The latest added to my shelf is ‘The Gentle Author’s London Album’, a largely pictorial book about London life and recent history. It’s exquisitely produced, with golden endpapers – to handle it is to covet it. The latest added to my e-reader is Eleanor Catton’s ‘The Luminaries’. I know some people don’t much like e-readers, but they make me a better buyer of newly-released fiction when the alternative is a hefty hardback for which I have neither shelf-space or bag-space.

Are there any books that you wish you had on your bookshelves that you don’t currently?

My Big Wish for my bookshelf in the future is (cough!) a copy of my own first novel: a stirring (cough!) tale of Greenland’s last Vikings, who are suddenly confronted with proof that their world – and their dreams – are much larger than they ever imagined. There’s just that small matter of finishing it (10,000 words to go) then securing an agent and publisher.

What do you think someone perusing your shelves would think of your reading taste, or what would you like them to think?

They can think what they like! But you wouldn’t need to be too perceptive to deduce the following: My reading tastes – omnivorous and insatiable. Me – an outdoorsy, well-travelled bookaholic with a thing for Japan, Vikings and spaceships.

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A huge thanks to Victoria for taking part in Other People’s Bookshelves. Don’t forgot if you would like to participate (and I would love you to – hint, hint, hint) in the Other People’s Book Shelves series then drop me an email to savidgereads@gmail.com with the subject Other People’s Bookshelves, thanks in advance. In the meantime… what do you think of Victoria’s responses and/or any of the books that she mentioned?


Filed under Other People's Bookshelves

10 responses to “Other People’s Bookshelves #18 – Victoria James

  1. English classics and Mishima, plus general bookish omnivore… sounds like my kind of person! Thank you, Simon and Victoria, for a beautifully enlightening visit to your bookshelves.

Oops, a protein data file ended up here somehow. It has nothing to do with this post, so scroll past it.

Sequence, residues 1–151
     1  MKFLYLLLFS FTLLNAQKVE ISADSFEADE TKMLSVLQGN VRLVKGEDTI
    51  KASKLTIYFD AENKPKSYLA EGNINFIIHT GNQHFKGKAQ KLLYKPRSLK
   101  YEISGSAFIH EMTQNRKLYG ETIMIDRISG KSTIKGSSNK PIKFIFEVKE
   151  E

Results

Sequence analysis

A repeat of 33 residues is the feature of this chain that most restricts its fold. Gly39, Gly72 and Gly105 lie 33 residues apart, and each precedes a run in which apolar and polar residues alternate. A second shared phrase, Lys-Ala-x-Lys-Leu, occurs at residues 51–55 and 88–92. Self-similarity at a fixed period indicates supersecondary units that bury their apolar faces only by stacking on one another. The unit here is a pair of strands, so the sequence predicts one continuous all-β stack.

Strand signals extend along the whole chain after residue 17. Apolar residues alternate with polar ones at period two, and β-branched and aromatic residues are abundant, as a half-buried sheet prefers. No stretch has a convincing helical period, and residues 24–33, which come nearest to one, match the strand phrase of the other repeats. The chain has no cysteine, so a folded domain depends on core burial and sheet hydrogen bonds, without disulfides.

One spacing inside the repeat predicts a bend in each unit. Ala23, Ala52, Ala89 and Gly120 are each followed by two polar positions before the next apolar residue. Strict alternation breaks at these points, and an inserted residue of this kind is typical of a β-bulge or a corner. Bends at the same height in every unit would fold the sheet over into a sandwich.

• I am so glad people enjoy this series, I need to email questionnaires to all the people who want to take part. I love having a really good nosey through peoples shelves, in real life or on the internet.

  2. Sadly I don’t think I own any books that fall into Victoria’s category of ‘beautiful or rare’ but I do like the thought process. Me I’m just a hoarder I suppose…

    • I think it depends on what your definition of beautiful or rare is. I have some books people might think were really ugly, but they are priceless editions to me for nostalgic reasons.

  3. I love homes with bookshelves. I love it even more when there are actually books on it. It creates that special atmosphere only people with a bond to reading and books can understand. This is wonderful.

  4. Oh, I do like peering at other people’s bookshelves, and learning about their book-buying habits! I agree with Victoria when she says acquiring books is like a disease, and I admire her orderliness – at present I have two categories, fiction, and non-fiction, and I can never find anything!

    • It is a good disease to have though I think, don’t you? I need order, I have just reorganised all of my bookshelves as I couldn’t work out where anything was. Also, the way they are now organised has created MORE shelf space, very clever.

  5. This is great. One of my favorite hobbies, spying on others’ shelves. These posts let me do this vicariously with total strangers. Great concept! Keep it up.